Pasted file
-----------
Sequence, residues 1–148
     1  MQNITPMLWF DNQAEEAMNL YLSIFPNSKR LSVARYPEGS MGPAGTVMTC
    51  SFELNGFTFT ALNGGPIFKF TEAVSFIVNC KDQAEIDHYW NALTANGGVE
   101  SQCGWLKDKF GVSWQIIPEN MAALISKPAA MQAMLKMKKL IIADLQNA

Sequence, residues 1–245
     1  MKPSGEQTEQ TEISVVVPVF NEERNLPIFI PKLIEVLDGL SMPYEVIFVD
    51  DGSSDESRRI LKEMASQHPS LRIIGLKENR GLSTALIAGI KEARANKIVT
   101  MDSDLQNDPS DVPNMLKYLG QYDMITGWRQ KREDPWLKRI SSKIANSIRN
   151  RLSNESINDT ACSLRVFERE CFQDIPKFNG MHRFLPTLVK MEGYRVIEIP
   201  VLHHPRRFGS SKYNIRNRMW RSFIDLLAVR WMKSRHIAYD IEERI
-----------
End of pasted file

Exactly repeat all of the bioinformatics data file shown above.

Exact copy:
Sequence, residues 1–148
     1  MQNITPMLWF DNQAEEAMNL YLSIFPNSKR LSVARYPEGS MGPAGTVMTC
    51  SFELNGFTFT ALNGGPIFKF TEAVSFIVNC KDQAEIDHYW NALTANGGVE
   101  SQCGWLKDKF GVSWQIIPEN MAALISKPAA MQAMLKMKKL IIADLQNA

Sequence, residues 1–245
     1  MKPSGEQTEQ TEISVVVPVF NEERNLPIFI PKLIEVLDGL SMPYEVIFVD
    51  DGSSDESRRI LKEMASQHPS LRIIGLKENR GLSTALIAGI KEARANKIVT
   101  MDSDLQNDPS DVPNMLKYLG QYDMITGWRQ KREDPWLKRI SSKIANSIRN
   151  RLSNESINDT ACSLRVFERE CFQDIPKFNG MHRFLPTLVK MEGYRVIEIP
   201  VLHHPRRFGS SKYNIRNRMW RSFIDLLAVR WMKSRHIAYD IEERI